Jammu: An industrial policy complete with an incentive package is being worked out by the Jammu and Kashmir (J&K) government to attract entrepreneurs from all over the country.
"Our government will shortly be formulating a policy to promote industry in the state, which can boost the state's economy and address the problem of unemployment," State Industries and Commerce Minister Surjit Singh Salathia said.
We will take steps to instil faith among entrepreneurs and earn their trust. Since government jobs are not possible for everyone, industrialisation is the only way out, he added.
The minister cited the withdrawal of the industrial incentives and concessions package announced by the central government for the state in 2002, four years before its 10-year validity period expired, as a reason for falling investor confidence.
"The move surely shattered the confidence of the industrial sector and we are working to restore it," he said.
In this connection, Salathia said the government would bring in legislation and an industrial policy in the coming assembly session aimed at "not only restoring but building the confidence of entrepreneurs".
The legislation will also include a self-employment policy, he said.
Maintaining that things were looking up, Salathia referred to the upcoming 45-acre textile park in Kathua where some 3,000 jobs are expected to be created, and said various companies have shown an interest in setting up units there.
"A number of big industrial houses want to start units in Jammu and Kashmir and we are ready to give any assistance they need," he said.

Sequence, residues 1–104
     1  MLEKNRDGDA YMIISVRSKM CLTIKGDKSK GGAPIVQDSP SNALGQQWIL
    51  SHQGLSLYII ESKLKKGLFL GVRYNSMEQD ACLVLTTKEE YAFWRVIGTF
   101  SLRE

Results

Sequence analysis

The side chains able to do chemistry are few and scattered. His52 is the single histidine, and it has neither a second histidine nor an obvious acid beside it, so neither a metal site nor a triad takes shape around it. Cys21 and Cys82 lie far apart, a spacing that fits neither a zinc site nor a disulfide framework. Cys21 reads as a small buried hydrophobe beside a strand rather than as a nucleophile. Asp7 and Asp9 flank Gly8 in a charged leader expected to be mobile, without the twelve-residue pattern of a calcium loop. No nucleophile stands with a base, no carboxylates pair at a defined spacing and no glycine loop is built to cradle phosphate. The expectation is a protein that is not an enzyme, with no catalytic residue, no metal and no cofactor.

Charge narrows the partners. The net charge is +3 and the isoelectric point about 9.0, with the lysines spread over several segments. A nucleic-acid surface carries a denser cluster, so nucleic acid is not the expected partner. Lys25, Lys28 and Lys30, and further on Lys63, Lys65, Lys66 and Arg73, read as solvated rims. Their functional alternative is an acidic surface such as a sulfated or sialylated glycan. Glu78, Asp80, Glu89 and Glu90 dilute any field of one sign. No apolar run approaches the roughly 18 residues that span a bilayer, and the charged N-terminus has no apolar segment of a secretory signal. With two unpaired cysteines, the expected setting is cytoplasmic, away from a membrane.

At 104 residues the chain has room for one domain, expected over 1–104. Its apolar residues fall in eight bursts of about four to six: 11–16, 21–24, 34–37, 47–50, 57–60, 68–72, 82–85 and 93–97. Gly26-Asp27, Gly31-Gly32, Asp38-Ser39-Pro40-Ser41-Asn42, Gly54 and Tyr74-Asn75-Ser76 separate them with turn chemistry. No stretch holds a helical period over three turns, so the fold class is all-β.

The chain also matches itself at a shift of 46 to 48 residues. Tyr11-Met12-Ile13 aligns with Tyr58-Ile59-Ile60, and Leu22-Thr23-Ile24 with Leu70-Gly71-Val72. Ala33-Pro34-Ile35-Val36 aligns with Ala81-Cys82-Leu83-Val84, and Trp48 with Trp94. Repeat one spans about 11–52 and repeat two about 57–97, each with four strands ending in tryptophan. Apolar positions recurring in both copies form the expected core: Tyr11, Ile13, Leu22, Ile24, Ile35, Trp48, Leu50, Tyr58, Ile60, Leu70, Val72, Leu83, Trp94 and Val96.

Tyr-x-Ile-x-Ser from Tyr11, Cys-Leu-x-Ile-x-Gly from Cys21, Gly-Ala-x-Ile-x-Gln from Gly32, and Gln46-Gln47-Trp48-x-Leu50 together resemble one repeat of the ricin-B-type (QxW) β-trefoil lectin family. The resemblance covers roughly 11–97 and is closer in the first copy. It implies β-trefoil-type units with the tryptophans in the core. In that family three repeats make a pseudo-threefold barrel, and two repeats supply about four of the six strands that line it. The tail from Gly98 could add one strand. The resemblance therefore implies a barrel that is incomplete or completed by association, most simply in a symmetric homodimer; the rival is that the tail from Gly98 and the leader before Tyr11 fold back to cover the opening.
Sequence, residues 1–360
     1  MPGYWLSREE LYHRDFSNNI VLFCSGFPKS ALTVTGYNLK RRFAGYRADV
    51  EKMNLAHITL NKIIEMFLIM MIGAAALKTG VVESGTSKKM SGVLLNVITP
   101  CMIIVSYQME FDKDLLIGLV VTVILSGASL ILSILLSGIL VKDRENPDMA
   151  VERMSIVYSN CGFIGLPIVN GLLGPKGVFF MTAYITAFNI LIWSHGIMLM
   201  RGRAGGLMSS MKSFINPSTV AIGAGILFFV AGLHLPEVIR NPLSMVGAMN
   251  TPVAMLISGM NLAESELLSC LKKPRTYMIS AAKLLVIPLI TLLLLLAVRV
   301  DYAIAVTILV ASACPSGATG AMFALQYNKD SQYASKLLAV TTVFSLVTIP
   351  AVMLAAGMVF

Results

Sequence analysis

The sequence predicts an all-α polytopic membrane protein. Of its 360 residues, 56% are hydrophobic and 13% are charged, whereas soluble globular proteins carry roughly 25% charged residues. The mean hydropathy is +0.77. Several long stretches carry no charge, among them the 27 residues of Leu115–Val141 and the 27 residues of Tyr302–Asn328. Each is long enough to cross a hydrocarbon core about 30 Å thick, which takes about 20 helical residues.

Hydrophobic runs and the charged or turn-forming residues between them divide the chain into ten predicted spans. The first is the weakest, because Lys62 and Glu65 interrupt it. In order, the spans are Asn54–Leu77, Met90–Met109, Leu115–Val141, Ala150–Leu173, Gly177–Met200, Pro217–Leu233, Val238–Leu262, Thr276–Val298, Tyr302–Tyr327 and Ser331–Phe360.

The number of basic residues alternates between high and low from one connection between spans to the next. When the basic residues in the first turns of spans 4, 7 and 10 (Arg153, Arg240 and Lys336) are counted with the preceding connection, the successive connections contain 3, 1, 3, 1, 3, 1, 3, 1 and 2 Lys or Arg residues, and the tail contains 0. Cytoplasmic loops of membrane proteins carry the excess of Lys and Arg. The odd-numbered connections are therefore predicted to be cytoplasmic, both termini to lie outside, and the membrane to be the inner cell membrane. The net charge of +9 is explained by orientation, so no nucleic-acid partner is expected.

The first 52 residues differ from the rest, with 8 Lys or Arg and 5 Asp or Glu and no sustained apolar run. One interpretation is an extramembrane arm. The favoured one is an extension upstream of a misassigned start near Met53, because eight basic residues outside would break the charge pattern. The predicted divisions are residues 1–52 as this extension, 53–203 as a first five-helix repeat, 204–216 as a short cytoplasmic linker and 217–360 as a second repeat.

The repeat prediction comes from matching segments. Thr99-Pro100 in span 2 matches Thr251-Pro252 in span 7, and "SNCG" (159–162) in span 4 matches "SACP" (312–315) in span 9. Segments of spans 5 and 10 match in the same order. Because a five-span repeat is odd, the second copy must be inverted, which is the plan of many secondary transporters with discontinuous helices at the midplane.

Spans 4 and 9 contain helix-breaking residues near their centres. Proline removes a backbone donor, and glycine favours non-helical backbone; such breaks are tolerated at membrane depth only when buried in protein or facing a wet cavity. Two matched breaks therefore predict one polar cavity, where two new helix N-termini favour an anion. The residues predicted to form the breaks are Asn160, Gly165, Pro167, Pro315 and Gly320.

The minister said he was personally supervising the registration of new units to ensure the process did not take more than a week. "There are strict instructions in this regard and a complaint redressal centre has been created," he added.
Salathia said providing industry with land and electricity is a priority area. Apart from this, he said, banks have been asked to meet loan disbursement targets for entrepreneurs.
The government was also looking at holding an "industries carnival" and training the unemployed to hone their entrepreneurial skills.
"A training programme will ensure that we do not have to bring in skilled manpower from outside the state. The aim is not only to create employment but also employability as put forth by Chief Minister Omar Abdullah."
Salathia also said the government wanted to cap manpower coming from outside the state to 10 per cent of its total workforce.
Endorsing the initiative, local entrepreneurs said the need of the hour was an industry-friendly atmosphere in Jammu and Kashmir "that is lacking at the moment".
"The earlier industrial package had definitely wooed a number of entrepreneurs and industry houses, but when it was withdrawn, the confidence was shattered and many units closed down," Jammu Chamber of Commerce and Industry member Ram Sahai said.